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The Story of Hobo Nickels and Your Chance to Win One [CLOSED]

The Story of Hobo Nickels and Your Chance to Win One [CLOSED]

It was the Buffalo nickel that was introduced in 1913 that really gave rise to the hobo nickel in America. Clever artists would take the coins and alter the images to create tiny works of art. It kicked off an underground movement, and old ones are highly desired by collectors today.

The art did not die with the Buffalo nickel, however. Artists like Shane Hunter have continued the tradition. We spoke to Hunter about how he crafts these mini masterpieces, how much he fetches per coin, and how he got into it. Oh, and he was awesome enough to send us one to giveaway to you (more about that after the interview).

What made you get into doing this?

I was searching old U.S. coins on ebay one day and I happened to see a hobo nickel. It was a weird coin that looked like someone scratched it up with a knife, and it was selling for around $60. I did some research and found OHNS (Original Hobo Nickel Society) where I learned more about them, and then decided to try my hand at the art of hobos.

What’s the process like to create one?

When I first started, I made little tools out of screwdrivers and used a rotary. Now, I use an air graver, push graver, and a few custom made bits and the rotary. I start by sanding down the profile and then using an air graver I do the outline of the design and border. After the outline is done, I hand push a flat graver for 90% of the coin. After the carving, I sand and texture the coin using air or the rotary depending on texture.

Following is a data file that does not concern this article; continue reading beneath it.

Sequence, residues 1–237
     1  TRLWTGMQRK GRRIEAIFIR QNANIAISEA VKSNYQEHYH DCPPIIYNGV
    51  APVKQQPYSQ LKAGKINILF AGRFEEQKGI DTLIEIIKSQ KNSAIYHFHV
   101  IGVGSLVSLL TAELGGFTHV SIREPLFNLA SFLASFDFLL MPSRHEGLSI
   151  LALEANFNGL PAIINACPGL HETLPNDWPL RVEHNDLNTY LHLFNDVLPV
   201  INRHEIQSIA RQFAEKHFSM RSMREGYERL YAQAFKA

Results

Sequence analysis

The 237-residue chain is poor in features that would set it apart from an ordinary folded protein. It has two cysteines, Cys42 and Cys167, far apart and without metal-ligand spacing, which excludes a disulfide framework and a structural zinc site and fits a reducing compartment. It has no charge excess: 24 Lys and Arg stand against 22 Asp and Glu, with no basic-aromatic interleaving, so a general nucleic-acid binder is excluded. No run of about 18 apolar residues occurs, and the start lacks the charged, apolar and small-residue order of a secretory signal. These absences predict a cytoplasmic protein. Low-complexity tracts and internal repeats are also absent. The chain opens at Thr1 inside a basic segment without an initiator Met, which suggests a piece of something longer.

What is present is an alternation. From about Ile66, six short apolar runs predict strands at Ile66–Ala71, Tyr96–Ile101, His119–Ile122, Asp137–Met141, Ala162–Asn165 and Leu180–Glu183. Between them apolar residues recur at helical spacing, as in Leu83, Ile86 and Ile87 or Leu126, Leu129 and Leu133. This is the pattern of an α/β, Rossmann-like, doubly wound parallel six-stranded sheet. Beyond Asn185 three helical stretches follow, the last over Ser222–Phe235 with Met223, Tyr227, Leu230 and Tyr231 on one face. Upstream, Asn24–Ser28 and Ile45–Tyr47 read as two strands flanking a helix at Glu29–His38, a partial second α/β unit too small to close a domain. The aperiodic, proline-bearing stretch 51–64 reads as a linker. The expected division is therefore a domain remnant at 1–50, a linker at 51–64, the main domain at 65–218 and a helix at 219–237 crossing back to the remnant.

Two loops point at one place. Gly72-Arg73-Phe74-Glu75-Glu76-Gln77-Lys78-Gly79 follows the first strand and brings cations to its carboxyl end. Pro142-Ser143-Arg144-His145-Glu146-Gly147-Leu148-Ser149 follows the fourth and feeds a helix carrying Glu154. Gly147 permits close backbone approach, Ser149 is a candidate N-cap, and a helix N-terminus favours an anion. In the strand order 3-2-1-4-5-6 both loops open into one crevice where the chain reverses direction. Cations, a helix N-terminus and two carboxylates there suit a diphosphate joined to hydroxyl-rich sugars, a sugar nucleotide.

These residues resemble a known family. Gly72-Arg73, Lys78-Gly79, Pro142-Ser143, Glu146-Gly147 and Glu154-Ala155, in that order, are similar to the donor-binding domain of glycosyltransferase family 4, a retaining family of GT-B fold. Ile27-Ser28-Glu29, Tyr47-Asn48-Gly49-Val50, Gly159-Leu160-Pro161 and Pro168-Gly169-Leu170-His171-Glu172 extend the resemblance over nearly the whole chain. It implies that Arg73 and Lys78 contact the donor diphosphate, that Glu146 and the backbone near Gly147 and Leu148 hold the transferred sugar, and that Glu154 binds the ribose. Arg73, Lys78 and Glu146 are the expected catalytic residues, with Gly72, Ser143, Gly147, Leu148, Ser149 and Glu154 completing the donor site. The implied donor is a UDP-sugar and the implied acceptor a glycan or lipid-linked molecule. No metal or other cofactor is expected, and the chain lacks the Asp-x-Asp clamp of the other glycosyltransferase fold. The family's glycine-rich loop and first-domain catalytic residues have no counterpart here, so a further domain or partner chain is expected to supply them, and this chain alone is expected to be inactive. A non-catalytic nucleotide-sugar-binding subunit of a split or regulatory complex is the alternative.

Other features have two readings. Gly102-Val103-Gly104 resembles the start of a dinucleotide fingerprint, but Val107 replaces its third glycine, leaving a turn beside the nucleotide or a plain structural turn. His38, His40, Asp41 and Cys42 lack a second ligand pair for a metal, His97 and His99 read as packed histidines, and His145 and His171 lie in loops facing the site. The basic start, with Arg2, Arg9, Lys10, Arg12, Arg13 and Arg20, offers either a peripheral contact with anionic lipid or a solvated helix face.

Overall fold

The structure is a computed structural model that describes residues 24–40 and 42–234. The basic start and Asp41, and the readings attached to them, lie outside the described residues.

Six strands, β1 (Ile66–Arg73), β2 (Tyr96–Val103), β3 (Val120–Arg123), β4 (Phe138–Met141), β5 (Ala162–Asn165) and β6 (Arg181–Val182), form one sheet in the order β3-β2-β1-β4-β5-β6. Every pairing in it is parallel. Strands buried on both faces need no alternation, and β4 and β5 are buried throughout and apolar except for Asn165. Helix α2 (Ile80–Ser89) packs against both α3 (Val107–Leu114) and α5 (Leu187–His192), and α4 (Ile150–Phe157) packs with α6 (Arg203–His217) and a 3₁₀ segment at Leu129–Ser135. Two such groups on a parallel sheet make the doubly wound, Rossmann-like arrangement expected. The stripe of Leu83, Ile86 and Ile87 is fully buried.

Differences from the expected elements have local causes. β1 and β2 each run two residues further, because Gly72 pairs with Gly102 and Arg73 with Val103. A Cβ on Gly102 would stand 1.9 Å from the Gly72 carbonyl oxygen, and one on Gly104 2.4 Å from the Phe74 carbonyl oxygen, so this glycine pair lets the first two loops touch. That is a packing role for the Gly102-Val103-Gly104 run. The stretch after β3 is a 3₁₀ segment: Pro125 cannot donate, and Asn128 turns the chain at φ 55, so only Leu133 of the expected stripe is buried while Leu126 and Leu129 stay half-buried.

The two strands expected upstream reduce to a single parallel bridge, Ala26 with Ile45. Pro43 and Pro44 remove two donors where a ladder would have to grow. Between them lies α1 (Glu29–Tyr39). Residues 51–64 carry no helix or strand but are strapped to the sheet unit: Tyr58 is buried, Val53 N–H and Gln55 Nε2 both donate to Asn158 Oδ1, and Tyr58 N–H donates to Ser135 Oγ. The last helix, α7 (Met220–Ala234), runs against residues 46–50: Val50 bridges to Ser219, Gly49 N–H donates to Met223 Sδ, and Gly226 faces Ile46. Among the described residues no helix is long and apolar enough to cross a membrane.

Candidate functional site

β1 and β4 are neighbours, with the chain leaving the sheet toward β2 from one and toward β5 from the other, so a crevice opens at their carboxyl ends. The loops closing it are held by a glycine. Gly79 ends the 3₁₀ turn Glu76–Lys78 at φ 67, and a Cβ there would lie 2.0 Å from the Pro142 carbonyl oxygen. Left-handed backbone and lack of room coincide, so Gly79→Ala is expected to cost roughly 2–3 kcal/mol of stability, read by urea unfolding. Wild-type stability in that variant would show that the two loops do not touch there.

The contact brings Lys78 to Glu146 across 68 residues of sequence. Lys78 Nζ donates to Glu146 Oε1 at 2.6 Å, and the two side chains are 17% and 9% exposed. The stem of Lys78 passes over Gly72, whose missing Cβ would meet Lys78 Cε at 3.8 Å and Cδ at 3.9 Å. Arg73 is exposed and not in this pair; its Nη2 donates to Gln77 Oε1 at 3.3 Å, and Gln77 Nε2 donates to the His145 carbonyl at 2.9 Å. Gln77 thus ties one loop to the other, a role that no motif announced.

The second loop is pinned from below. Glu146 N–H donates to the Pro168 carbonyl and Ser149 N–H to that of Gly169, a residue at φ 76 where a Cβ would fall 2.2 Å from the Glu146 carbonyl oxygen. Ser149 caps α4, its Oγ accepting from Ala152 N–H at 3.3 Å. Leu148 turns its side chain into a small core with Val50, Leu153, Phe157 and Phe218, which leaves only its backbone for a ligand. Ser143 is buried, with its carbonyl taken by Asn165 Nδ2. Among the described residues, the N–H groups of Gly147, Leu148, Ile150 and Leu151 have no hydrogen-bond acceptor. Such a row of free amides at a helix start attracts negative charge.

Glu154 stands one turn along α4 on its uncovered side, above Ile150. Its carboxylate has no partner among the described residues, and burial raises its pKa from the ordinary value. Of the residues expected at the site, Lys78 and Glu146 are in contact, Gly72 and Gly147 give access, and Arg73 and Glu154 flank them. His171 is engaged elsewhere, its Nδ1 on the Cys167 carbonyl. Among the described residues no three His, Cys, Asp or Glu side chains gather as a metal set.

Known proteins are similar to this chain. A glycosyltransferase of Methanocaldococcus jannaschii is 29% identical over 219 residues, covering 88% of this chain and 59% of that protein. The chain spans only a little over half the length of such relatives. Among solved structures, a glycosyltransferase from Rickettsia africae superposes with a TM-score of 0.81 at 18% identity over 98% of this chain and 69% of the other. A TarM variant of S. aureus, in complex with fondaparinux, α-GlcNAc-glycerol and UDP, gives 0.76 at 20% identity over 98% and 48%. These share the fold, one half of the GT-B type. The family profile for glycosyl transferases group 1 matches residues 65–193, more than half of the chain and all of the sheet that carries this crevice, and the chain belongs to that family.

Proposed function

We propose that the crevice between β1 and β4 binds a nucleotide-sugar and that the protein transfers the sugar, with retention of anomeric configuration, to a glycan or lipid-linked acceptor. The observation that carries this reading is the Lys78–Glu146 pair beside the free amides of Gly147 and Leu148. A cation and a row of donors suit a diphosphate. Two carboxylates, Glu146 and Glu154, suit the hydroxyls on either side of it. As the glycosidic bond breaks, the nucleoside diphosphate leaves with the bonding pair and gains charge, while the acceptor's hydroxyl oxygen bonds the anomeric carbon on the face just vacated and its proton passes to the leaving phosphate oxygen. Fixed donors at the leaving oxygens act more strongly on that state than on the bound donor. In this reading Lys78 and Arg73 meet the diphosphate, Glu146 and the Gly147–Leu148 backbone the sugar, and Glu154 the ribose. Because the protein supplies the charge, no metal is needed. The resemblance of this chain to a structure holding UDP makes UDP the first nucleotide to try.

How long does it take to make one?

Carving coins varies in time depending on the design and detail. I have done a common skull in as little as 30 minutes while others take many hours.

How much do you sell them for?

I put them up on ebay, start bids at  $59.95, and run them for seven days. The most I have ever gotten for one was $700.

Do you have a favorite you’ve done?

This one is my favorite coin to date. There was a new category made to accommodate the pictorial silhouettes I created, and this was the first one.


Shane was cool enough to give us one of his famous skull hobo nickels to give away to you. If you want to enter to win it, simply sign up here for our newsletter. If you already receive the newsletter, enter your email address so we know you want to take part in the contest, and you won’t receive an extra email. We’ll pick a winner at random on 10/23/14. Good luck!

Grandprize winner: dy…[email protected]

Click here to check out more of Shane’s work.

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